And in the height evolution equation, the advective term drops out, leaving us with the statement that the divergence of geostrophic velocity is zero:

$$ \nabla \cdot \vec{u_0} = 0 $$

At order \(\epsilon\), after canceling out the appropriate terms and taking the curl of the momentum equation, we arrive at these order-\(\epsilon\) evolution equations:

\begin{align*}

\frac{D_0\zeta}{Dt} +f_0\left(\frac{\partial u_1}{\partial x} +\frac{\partial v_1}{\partial y}\right) + \beta v_0 &= 0 \\

\frac{D_0h}{Dt} + h\left(\frac{\partial u_1}{\partial x} +\frac{\partial v_1}{\partial y}\right) &= 0\\

\frac{D_0(\cancel{H}+h')}{Dt} + (H+\cancel{h'})\left(\frac{\partial u_1}{\partial x} +\frac{\partial v_1}{\partial y}\right) &= 0\\

\frac{D_0h'}{Dt} + H\left(\frac{\partial u_1}{\partial x} +\frac{\partial v_1}{\partial y}\right) &= 0

\end{align*}

where \(\frac{D_0}{Dt} = \vec{u_0} \cdot \nabla\) and \(\zeta = (\nabla \times \vec{u_0}) \cdot \hat{k}\)

We can replace the divergence term with an expression we get from the mass conservation equation:

\begin{align*}

\frac{\partial u_1}{\partial x} +\frac{\partial v_1}{\partial y} &= -\frac{1}{H}\frac{D_0h'}{Dt}\\

\frac{D_0\zeta}{Dt} -\frac{f_0}{H}\frac{D_0h'}{Dt}+ \beta v_0 &= 0

\end{align*}

Our goal now is to combine these terms into an evolution equations for PV. Note that

$$ \beta v_0 = \beta \frac{Dy}{Dt} = \frac{D}{Dt}(\beta y) $$

So we end up with

\begin{align*}

\frac{D_0}{Dt} \left(\zeta + \beta y - \frac{f_0 h'}{H}\right) = \frac{D_0 q}{Dt} = 0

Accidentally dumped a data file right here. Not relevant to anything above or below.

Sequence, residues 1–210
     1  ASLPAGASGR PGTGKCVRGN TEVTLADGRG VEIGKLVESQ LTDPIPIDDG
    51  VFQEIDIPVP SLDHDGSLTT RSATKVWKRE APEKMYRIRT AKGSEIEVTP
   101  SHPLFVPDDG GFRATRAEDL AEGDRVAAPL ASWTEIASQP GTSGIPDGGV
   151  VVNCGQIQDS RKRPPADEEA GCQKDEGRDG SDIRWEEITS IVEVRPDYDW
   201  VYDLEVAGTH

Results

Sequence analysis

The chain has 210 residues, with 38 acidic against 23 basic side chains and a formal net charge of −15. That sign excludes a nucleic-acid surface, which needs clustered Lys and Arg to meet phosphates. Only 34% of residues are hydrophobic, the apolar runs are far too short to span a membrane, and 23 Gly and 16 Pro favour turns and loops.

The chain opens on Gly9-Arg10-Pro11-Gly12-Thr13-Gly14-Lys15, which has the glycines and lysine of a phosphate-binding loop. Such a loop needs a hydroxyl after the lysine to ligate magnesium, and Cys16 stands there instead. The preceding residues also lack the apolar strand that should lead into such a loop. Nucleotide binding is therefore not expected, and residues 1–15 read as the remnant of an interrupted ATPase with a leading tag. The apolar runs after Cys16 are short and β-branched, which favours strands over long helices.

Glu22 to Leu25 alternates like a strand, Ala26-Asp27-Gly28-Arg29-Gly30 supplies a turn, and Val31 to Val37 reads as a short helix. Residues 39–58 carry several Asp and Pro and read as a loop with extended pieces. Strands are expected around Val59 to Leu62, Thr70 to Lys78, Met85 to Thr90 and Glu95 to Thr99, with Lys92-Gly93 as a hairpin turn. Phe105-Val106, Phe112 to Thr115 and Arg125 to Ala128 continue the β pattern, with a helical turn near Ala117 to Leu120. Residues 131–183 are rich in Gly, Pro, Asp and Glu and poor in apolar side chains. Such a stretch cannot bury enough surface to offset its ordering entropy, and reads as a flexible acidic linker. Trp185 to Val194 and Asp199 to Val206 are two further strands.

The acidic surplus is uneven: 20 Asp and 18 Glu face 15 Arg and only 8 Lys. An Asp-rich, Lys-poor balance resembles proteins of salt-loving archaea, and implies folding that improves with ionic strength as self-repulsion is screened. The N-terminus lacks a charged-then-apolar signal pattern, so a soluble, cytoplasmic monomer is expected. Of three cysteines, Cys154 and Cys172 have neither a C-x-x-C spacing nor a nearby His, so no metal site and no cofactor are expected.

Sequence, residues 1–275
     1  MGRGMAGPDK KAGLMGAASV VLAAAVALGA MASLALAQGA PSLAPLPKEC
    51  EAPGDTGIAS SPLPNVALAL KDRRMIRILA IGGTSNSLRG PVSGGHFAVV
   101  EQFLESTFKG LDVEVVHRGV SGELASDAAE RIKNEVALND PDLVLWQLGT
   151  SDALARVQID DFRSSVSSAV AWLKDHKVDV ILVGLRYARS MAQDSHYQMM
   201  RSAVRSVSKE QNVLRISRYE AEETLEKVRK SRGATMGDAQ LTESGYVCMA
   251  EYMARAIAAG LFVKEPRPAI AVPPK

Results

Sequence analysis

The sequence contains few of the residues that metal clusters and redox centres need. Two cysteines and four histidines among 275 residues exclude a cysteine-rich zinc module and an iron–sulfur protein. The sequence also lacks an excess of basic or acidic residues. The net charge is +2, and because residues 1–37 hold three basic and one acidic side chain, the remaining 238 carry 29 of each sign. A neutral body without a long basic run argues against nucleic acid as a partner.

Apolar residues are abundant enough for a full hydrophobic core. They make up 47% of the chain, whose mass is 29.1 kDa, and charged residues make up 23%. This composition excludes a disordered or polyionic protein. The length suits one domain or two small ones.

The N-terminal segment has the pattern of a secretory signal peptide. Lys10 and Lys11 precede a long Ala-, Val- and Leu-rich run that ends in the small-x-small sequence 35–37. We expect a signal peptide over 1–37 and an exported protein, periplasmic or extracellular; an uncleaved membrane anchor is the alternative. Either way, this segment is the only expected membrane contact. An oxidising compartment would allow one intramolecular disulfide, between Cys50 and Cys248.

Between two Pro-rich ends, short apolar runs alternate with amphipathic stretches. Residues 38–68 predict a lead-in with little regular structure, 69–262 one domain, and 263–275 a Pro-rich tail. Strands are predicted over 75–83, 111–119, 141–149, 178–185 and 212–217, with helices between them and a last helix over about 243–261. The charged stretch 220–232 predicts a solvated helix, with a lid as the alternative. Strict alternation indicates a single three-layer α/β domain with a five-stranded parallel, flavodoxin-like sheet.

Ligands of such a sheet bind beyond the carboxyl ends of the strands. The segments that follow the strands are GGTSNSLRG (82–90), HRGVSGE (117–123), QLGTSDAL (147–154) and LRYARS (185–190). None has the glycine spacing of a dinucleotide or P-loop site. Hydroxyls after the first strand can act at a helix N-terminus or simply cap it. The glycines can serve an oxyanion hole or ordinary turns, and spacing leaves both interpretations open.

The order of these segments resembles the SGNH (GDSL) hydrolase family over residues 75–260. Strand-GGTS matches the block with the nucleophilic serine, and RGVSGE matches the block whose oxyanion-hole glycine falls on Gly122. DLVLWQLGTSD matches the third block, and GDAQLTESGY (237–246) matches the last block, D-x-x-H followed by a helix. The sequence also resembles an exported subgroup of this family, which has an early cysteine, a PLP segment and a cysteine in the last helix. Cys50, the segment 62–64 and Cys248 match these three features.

\end{align*}

And this is the shallow water QG equation!

- Linearize this equation about a state of rest, assume a wave solution, and derive a dispersion relation for the Rossby waves on a \(\beta\)-plane

Because we're in a state of rest, we only need to consider the order-\(\epsilon\) terms we found before. Let us look at the evolution equation after rewriting everything in terms of the geostrophic streamfunction \(\psi\):

$$\left( \frac{D}{Dt}\left[\nabla^2 - \frac{f_0^2}{gH}\right] + \beta \frac{\partial}{\partial x} \right)\psi = 0$$

To linearize, we simply get rid of the non-linear advective term, so we are left only with a partial derivative with respect to time:

$$\left( \frac{\partial}{\partial t}\left[\nabla^2 - \frac{f_0^2}{gH}\right] + \beta \frac{\partial}{\partial x} \right)\psi = 0$$

To study waves in this system, we will substitute a plane-wave solution via a Fourier series expansion:

$$ \psi(\vec{x}) = \sum\limits_{k,l,\omega}\tilde{\psi}_k\text{exp}\left[i\left(kx+ly - \omega t\right)\right] $$

Because the equation is linear, we can study individual modes and set the streamfunction equal to just one term in this sum (physically it must equal the real part of this term, but by linearity the coefficient will simply drop out). Differentiation becomes multiplication under this transform.